Secondly, the rejection of the Partition Plan by the Arab nations, leading to the war against the fledgling State of Israel, allowed Israel to ignore the plan for Jerusalem, and it declared West Jerusalem its capital at the end of hostilities in 1948. Jordan proclaimed East Jerusalem a capital of sorts when it annexed the West Bank (also in defiance of the UN plan) though it remained undeveloped. Since then, Israel has treated Jerusalem as its capital and has located all the usual official functions there, including the building housing its parliament, the Knesset. Diplomats from other countries come to Jerusalem to meet Israeli officials, and it is (I think) unique in UN relations for other countries not to recognise the named capital of a democratic sovereign state. The reason for withholding recognition is to hold out hope for the possibility of a two-state solution along the lines of the original Partition Plan, including the international administration of Jerusalem—even though building development means that is, in practice, completely impossible.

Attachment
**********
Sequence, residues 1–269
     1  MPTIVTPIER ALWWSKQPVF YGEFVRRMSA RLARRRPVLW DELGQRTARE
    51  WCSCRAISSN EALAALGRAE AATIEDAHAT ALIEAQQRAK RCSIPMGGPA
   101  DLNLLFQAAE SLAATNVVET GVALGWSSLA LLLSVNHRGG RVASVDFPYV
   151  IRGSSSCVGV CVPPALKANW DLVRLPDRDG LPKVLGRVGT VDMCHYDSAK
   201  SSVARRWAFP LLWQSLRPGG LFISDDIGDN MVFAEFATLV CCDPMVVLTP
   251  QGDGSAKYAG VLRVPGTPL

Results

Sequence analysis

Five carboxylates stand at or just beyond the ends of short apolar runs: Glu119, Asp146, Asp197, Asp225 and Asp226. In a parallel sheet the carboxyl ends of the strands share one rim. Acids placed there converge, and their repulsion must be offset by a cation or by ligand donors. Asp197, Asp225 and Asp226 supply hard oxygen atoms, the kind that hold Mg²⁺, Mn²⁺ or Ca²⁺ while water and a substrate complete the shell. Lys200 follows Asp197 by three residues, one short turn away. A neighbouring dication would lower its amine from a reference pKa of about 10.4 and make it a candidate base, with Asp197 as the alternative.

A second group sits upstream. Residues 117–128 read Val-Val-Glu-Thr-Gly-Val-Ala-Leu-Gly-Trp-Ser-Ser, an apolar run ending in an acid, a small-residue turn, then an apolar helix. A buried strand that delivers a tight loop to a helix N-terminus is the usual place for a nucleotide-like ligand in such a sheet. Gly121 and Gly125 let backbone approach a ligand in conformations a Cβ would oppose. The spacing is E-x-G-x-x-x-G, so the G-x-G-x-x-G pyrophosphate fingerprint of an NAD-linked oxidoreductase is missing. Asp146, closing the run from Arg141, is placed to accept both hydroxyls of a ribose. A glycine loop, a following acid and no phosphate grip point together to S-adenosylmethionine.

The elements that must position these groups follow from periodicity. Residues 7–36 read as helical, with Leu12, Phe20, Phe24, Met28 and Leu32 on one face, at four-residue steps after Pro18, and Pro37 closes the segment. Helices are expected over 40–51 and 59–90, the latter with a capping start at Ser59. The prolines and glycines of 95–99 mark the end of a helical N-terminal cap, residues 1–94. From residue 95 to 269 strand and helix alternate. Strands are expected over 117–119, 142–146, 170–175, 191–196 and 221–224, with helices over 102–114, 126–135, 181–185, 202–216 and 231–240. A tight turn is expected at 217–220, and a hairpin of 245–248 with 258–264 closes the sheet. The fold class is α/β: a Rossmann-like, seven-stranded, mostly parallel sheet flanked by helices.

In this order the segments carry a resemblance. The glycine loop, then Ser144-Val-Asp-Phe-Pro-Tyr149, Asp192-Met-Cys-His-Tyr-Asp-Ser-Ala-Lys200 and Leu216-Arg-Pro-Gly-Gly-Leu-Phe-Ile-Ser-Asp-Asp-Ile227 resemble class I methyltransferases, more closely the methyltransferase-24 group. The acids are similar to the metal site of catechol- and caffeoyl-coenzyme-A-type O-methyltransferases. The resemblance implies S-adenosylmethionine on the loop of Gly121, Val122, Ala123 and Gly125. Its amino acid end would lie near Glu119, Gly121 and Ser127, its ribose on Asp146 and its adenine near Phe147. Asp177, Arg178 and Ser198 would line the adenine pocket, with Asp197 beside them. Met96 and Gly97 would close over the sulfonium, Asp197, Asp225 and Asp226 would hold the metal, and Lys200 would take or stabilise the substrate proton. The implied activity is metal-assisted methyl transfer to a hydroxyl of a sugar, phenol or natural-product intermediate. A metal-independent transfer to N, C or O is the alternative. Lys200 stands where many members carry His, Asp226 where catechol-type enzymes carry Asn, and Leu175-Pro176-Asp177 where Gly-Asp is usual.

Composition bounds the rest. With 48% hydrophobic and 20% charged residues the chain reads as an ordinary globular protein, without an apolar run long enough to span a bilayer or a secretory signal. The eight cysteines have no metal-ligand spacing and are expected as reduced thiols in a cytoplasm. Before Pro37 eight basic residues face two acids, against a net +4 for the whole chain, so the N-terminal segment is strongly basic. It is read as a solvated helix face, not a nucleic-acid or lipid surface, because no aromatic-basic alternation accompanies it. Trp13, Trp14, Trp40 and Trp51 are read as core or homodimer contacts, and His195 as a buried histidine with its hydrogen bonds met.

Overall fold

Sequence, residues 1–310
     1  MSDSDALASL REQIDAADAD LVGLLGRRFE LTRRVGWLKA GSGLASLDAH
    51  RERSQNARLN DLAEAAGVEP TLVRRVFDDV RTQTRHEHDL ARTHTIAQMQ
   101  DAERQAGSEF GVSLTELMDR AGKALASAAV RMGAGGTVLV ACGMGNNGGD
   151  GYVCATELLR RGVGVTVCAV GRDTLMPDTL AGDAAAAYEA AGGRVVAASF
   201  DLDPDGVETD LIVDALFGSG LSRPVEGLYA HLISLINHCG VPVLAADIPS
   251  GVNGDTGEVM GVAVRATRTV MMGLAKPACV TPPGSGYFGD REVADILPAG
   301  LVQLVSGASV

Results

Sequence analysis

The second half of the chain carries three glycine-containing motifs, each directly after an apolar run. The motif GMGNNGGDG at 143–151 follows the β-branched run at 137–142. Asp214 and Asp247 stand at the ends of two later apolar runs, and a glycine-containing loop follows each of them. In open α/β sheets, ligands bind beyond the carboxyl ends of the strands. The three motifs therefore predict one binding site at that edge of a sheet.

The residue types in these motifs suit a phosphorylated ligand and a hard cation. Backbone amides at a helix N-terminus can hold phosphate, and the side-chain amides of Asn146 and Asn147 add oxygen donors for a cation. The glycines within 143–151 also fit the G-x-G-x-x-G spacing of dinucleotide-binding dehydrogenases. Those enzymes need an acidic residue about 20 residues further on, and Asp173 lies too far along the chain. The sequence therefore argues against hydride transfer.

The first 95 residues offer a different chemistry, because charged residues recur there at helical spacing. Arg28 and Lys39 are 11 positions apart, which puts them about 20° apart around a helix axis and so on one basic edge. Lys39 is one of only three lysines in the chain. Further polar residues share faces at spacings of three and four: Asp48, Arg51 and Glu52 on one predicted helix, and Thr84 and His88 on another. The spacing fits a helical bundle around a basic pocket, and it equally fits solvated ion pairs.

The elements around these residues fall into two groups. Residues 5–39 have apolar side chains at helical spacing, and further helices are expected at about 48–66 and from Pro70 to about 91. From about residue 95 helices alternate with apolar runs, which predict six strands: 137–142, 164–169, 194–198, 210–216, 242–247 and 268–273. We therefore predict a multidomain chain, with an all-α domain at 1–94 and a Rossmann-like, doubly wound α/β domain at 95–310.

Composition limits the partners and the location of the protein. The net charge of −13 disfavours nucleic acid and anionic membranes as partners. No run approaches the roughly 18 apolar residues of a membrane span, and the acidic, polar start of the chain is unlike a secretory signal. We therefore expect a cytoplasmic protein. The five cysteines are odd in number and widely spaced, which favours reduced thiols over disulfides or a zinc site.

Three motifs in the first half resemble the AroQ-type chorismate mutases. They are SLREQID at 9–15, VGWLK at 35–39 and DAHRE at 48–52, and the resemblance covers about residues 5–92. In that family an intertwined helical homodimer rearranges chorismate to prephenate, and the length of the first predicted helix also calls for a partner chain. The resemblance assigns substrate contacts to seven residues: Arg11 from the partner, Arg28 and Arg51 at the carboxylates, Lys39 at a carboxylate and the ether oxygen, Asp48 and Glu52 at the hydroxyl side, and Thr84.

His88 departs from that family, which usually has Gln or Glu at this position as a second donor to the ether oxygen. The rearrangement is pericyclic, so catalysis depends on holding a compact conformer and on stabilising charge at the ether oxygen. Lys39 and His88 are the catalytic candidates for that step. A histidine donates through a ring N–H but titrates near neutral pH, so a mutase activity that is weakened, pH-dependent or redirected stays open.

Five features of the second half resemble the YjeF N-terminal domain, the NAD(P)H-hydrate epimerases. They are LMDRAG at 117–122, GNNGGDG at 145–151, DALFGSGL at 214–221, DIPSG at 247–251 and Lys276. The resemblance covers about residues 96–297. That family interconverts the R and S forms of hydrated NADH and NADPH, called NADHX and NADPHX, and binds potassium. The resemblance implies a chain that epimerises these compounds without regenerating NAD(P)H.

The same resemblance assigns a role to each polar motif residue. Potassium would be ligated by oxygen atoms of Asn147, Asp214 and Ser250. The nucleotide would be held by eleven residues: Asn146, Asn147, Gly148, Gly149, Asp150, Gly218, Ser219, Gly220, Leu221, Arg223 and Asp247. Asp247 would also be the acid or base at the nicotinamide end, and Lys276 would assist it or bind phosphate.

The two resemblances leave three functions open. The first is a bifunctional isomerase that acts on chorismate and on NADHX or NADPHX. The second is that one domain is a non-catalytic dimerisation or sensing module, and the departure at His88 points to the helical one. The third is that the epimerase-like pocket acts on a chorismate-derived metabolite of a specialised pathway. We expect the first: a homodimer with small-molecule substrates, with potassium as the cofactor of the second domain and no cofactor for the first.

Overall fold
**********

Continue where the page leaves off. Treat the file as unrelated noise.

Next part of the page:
Thirdly, the US Congress actually voted to recognise Jerusalem as Israel’s capital in the Jerusalem Embassy Act of 1995, but successive US Presidents have refused to implement it (seeing it as an unconstitutional interference in US foreign policy determined by the executive)—until now. At the time, it wasn’t even clear that Israel welcomed the passing of this act, since it could see the destabilising effect of such a move.
So why has Donald Trump decided to make the change? In theory, it fulfils an election pledge he made during the campaign—though keeping his word has hardly featured high on his agenda thus far. But it is difficult for others to realise how big an issue this is—not so much amongst ‘evangelical’ Christians but amongst the wider population who have been influenced by a particular kind of teaching. As Timothy Weber points out: